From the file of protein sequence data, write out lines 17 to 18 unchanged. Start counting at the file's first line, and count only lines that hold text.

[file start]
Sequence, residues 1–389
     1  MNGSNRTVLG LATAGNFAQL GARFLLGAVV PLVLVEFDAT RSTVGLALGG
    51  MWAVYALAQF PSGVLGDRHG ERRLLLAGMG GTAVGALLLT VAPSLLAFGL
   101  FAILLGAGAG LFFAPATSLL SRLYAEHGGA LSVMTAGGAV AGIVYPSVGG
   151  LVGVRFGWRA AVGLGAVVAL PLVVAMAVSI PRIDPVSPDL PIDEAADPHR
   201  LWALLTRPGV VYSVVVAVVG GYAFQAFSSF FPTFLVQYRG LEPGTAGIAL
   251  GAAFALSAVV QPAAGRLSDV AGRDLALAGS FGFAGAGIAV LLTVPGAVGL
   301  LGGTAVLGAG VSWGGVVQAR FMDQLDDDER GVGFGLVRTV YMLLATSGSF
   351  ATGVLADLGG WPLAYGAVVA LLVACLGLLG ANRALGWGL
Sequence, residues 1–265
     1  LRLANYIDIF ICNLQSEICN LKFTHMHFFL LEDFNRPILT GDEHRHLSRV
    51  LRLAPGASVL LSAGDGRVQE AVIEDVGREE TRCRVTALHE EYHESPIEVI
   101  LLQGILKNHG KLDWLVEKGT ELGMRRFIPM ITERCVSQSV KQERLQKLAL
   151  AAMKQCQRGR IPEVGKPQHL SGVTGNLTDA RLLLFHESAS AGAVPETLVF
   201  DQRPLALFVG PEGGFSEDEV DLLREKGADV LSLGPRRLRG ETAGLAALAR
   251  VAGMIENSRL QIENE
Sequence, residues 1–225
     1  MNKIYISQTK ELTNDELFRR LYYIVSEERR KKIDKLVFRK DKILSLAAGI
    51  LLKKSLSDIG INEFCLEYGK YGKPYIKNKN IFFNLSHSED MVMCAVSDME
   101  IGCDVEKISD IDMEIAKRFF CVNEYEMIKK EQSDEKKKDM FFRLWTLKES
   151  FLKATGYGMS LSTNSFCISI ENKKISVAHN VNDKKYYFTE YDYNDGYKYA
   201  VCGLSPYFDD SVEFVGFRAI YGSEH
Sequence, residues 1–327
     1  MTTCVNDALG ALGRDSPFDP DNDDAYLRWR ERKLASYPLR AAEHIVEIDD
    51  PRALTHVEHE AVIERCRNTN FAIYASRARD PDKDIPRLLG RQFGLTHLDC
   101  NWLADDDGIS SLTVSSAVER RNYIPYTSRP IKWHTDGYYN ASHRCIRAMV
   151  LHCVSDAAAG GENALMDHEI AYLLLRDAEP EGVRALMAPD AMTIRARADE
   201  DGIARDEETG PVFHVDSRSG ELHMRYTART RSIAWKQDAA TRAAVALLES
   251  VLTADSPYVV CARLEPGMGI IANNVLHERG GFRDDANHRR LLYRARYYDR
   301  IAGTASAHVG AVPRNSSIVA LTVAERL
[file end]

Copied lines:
Sequence, residues 1–225
     1  MNKIYISQTK ELTNDELFRR LYYIVSEERR KKIDKLVFRK DKILSLAAGI